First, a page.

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[179] such a bold and defiant attitude that Pope hesitated to attack with his entire force, believing he had before him all of Jackson's corps. They recrossed without molestation on the 24th, and Stuart having made his celebrated capture of General Pope's headquarters at Catlett's Station, Jackson moved forward between the Federal army and Washington. On the night of the 26th, Jackson states in his official report, ‘learning that the enemy had collected at Manassas Junction, a station about seven miles distant, stores of great value, I deemed it important that no time should be lost in securing them. Notwithstanding the darkness of the night, and the fatiguing march, which would, since dawn, be over thirty miles before reaching the junction, Brigadier-General Trimble volunteered to proceed there forthwith with the Twenty-first North Carolina, Lieut.-Col. S. Fulton commanding, and the Twenty-first Georgia, Maj. T. C. Glover commanding, in all about 500 men, and capture the place. I accepted the gallant offer, and gave him orders to move without delay.’ Gen. J. E. B. Stuart was subsequently directed to participate. The command set out about 9 o'clock p. m., and as it approached the junction at midnight, came under fire from two batteries of the enemy. The two regiments took position on opposite sides of the railroad and charged toward the flashes of the guns. ‘Sending an officer to the north side of the railroad,’ said Trimble, ‘to ascertain the success of the Georgia regiment, he could not immediately find them, and cried out, “Halloo! Georgia, where are you?” The reply was, “Here! All right! We have taken a battery.” “ So have we,” was the response, and cheers rent the air.’ This was one of the most daring and famous exploits of the war. Three hundred prisoners were captured, and a vast amount of stores and munitions of war.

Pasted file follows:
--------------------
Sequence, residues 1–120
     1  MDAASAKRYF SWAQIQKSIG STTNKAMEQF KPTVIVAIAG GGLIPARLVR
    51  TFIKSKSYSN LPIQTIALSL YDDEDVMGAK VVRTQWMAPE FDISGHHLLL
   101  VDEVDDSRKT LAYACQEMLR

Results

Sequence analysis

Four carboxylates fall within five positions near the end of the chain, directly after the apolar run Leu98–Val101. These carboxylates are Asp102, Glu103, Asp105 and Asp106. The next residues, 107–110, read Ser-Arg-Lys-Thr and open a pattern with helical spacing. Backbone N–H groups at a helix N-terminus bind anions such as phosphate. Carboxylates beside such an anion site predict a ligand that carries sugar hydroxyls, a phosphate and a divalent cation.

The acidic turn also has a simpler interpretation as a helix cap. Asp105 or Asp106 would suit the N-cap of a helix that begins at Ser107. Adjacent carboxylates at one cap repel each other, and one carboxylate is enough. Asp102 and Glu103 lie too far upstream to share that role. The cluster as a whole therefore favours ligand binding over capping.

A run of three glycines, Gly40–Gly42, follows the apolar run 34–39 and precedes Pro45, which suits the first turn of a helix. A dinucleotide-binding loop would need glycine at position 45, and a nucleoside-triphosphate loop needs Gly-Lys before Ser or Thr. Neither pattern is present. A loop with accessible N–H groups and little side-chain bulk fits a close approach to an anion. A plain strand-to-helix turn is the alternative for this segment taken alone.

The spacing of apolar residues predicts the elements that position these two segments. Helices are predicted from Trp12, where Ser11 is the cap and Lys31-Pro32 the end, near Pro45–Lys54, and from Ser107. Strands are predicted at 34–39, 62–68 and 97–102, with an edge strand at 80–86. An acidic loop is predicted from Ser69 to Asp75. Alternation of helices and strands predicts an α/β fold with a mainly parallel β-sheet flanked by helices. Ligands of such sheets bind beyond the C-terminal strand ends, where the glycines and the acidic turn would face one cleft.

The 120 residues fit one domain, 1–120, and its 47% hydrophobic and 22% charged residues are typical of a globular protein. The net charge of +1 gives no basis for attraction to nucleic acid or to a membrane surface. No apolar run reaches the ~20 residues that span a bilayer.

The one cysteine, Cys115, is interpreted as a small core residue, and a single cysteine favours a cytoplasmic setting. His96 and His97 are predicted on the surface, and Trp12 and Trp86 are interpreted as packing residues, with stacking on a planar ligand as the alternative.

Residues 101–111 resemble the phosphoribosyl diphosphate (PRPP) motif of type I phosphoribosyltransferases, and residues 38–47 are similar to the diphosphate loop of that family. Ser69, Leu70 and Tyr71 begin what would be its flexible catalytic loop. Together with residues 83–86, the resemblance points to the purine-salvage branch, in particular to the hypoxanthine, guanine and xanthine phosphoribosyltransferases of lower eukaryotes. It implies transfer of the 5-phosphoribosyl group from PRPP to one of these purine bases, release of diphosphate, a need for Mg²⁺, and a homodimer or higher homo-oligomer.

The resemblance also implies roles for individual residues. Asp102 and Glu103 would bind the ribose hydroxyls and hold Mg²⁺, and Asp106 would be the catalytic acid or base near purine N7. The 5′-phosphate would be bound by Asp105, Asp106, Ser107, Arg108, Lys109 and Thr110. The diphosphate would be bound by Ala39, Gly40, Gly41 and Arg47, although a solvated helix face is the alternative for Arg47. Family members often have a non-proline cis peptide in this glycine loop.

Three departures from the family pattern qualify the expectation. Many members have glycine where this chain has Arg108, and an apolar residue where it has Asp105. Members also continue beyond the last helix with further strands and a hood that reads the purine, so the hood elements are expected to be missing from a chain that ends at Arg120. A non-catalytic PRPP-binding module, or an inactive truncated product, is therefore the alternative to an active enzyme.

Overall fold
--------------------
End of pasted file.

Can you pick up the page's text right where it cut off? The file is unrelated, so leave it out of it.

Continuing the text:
In the battle of July 28th, beginning the three days struggle called Second Manassas, the brigades of Lawton and Trimble, constituting the left of the Confederate

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